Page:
The person acknowledged as the “Father of Advertising,” David Ogilvy, founded advertising giant Ogilvy & Mather in 1948. Before dying in 1999, one of the memorable sayings he left behind was, “Never stop testing, and your advertising will never stop improving.”
In today’s ever-changing landscape, understanding and knowing a brand’s customer is particularly important.
Surveys, focus groups, and A/B tests have been valuable tools in the effort, but one of the latest tools, creative testing, maybe even more helpful for brands that advertise on social media.
Creative testing is somewhat of a hybrid in that it takes elements of A/B and multivariate testing and blends in pictures and video. A side benefit is that it also helps break down some silos because its success requires close teamwork between a brand’s creative and marketing teams.
Past articles have extolled the popularity of pictures and video on social media, but their appeal can vary depending upon a brand’s audience. One way to determine which is trendier with a small budget is to run tests organically before deciding.
A highly popular picture or video can sometimes provide a strong enough case to lobby for an increase in the social media budget.
Another avenue into paid social media is boosting, a strategy like news feed ads. Paying a social media platform to amplify coverage by appearing on one or more of the following – current followers, targeted audiences, and/or recommended audiences – can generate a lot more exposure.
Regardless of the route a brand takes, marketers need to track and learn from the experience.
It takes a bit more effort, but organizing posts with tags is invaluable in gathering data and gaining better insights into customer behavior and preferences.
Before advertising on social media, it would be wise to first analyze the competition to see what ads they’re running and which ones appear to be the most successful. Checking out the “info and ads” tab on a competitor’s Facebook page reveals what ads they’re running. If it’s in the budget, there are tools available that provide the number of impressions and amount spent. Consumer comments also give hints about their popularity.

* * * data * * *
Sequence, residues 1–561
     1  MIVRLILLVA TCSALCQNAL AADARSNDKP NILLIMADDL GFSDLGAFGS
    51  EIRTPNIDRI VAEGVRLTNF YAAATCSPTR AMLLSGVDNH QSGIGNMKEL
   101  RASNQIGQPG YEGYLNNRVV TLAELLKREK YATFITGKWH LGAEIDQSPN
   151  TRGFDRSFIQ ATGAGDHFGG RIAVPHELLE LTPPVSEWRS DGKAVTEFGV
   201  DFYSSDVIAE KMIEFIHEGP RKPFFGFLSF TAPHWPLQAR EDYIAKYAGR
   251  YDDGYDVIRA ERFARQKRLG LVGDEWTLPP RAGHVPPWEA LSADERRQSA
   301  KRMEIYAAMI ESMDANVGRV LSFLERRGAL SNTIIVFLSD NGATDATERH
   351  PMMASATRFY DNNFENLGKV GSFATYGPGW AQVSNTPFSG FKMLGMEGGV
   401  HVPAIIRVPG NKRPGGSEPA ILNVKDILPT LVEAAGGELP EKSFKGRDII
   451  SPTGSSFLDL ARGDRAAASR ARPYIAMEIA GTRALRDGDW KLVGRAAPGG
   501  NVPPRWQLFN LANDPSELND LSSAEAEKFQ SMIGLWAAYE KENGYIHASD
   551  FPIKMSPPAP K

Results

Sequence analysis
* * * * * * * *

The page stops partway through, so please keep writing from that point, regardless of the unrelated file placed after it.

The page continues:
Take a close look at the brand’s current call to action buttons, text headers, video lengths, and picture formats. What primary performance drivers could be a template for the future and work with its social media ads?
With the information gathered, now’s the time to decide on pictures or videos. Brands then have a decision to produce and run traditional ads or consider prototype or concept ads.
The latter are “out of the box” ads that are at least 60% compliant with brand guidelines and give the creative team lots of freedom. They’re also great candidates for organic testing.
Brands deciding on creative tests now need to determine several things. These include the duration of the test, audience size, and KPIs. What’s critical is what an acceptable credibility factor is for the test.
According to Science Buddies, the margin error with 10 participants can be as high as 31.6% and decreases with a larger test group. It falls to 10% for 100, 7.1% for 200 and 4.5% for 500 participants.
As in most things, no one size fits all. Results from creative testing can be as unique as a brand. The key is to never stop testing and adapting and be aware that the marketplace is also changing rapidly.